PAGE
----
TITLE: Feeding the Spirt
DATE: 9/03/2008 10:12:00 AM
The best way to be supportive when friends have challenging times is to bring a meal. Challenges can be positive or negative, but they are always disruptive to peoples' daily lives. This month, one friend of mine was challenged with a new baby, and another was challenged by chemotherapy. Food provides both literal and spiritual nourishment.
For the friend who just had a baby, her days (and nights) are consumed with feedings and diapers changes. If she’s lucky, she’ll sneak in a nap or a shower. The last thing on her mind is cooking. And yet, a proper meal is probably in the top three things that will help her get through the challenging first weeks and months. Sleep and exercise are the other two, but I couldn't bring them over in a pyrex dish. Pasta salad with corn, chanterelles, chicken and bacon is an easy meal to heat and eat. She can hold the baby in one arm and eat with the other. And should she have a few moments of quiet, Portobello-Eggplant Napoleons with Fred Flintstone Tomato Sauce and Seared Chicken can add a little festivity to the day.
As for the friend going through chemo, she just needs a distraction. During the three weeks between treatments, she has a small window of time of feeling semi-normal with energy and an appetite. The dinner I brought was an occasion to invite friends over, celebrate life, and for a few hours, forget about her troubles or talk them through.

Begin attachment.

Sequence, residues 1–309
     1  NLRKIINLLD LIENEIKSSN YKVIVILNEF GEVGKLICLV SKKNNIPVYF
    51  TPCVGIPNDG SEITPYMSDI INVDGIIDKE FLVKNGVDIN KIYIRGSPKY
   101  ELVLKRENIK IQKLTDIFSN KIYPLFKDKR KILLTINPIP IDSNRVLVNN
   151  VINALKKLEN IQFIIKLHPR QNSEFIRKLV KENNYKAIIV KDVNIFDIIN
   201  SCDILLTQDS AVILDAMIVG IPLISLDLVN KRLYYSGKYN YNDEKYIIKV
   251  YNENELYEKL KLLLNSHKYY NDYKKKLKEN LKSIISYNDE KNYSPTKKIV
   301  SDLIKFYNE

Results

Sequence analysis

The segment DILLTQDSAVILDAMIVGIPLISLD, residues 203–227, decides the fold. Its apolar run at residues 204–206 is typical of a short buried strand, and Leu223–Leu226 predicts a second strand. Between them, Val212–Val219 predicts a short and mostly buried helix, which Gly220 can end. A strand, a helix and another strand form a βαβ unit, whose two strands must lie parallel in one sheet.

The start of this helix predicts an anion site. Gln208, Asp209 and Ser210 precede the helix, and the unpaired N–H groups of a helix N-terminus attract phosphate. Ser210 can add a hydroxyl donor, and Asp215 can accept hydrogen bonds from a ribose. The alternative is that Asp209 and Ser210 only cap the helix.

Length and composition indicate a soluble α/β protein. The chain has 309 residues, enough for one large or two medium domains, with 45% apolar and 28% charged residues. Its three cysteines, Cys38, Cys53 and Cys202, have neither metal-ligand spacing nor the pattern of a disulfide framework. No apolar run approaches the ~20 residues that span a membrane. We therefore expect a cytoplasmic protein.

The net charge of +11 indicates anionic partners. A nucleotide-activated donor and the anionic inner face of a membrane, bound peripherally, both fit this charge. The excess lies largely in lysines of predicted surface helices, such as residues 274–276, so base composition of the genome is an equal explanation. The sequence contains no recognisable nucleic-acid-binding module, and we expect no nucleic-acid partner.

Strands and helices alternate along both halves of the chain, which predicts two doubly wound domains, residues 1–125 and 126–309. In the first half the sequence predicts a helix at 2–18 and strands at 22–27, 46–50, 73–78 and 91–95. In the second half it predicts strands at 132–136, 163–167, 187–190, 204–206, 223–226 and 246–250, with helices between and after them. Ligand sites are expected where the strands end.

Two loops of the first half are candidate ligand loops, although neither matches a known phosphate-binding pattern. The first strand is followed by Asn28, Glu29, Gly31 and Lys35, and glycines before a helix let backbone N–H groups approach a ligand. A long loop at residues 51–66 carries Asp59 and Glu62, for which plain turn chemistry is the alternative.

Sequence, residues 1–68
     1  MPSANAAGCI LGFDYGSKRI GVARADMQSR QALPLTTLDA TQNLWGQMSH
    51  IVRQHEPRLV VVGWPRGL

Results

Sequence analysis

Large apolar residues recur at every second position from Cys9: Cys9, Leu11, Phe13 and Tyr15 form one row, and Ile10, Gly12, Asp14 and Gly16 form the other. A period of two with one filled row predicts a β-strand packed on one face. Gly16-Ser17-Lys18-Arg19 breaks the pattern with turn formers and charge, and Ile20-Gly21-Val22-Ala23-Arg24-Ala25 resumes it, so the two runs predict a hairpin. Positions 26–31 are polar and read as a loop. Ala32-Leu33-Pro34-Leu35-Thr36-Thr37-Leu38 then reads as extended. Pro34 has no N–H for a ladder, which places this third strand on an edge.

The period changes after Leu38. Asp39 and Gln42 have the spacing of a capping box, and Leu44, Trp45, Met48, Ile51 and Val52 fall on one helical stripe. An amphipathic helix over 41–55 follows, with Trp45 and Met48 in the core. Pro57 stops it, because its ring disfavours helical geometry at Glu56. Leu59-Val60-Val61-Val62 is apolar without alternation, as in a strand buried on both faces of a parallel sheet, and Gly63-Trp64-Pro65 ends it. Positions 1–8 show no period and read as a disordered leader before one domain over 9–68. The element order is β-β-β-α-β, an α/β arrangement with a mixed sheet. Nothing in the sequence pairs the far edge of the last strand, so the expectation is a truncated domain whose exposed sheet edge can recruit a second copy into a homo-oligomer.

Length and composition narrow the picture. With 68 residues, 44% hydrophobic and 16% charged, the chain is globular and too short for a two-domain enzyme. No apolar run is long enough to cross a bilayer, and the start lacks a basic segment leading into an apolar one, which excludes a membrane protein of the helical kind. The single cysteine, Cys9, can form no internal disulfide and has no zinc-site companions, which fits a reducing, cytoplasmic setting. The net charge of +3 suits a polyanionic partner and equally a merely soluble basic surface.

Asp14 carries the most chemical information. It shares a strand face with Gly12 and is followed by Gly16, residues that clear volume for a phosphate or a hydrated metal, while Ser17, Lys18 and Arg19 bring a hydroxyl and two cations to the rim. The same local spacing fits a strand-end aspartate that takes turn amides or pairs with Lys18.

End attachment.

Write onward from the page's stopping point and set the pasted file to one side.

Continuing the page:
I had wanted to make Lemon-Ricotta Ravioli with Osso Buco for a long time, and was waiting for the occasion (and the time) to do it. When I saw veal shanks on sale at Whole Foods last week, I heard my calling. This rich dish also seemed like a great meal for Kath, as I’m sure she’s trying to keep weight through the chemo. In case this was too rich, I also made a platter of vegetables -- a veritable antipasto – which would be nutritious and easy to digest if she was still feeling nauseated.
Taking my cue from friend Dina, I gave special treatment to each item on the platter:
- Beets were roasted (without foil this time, Bishop22) and tossed with red onions, thyme, basil, balsamic and olive oil
- Roasted Kohlrabi from the garden
- Zucchini was grilled and tossed with bacon, mint and lemon
- Thin slices of Portobellos marinated in garlic, shallots and thyme.
Grilled Bread, sliced mozzarella and fresh tomatoes from my garden filled the platter.
Kath had warned me that she probably wouldn’t eat much, so I was thrilled when she took seconds of the vegetables, and extra ravioli!
Here’s to healthy and joyous times with friends!
A few years ago, I contributed to a cookbook called “Great Chefs Cooking for Great Friends.” The book was published by Dana-Farber and all proceeds go to support cancer research. You can buy the book by clicking here.
Or… according to the Jimmy Fund website:
Great Chefs Cooking for Great Friends features 140 recipes from 70 of Boston's most celebrated chefs, including Ming Tsai of Blue Ginger, Jasper White of Summer Shack, Laura Brenna of Caffe Umbra, and Ken Oringer of Clio. The book costs $35, and is on sale at the Friends' Corner Gift Shop in the Dana-Farber lobby, or call (617) 632-3307.
AUTHOR: Lydia (The Perfect Pantry)
DATE:9/03/2008 09:13:00 PM
How lucky both friends are to have you in their lives. Food nourishes friendship in so many ways.
DATE:9/04/2008 08:22:00 PM
Yay beets! I did some in foil, but they're too gelatinous for me. Either way I think I need to roast them a long time until they partly dry out and roast.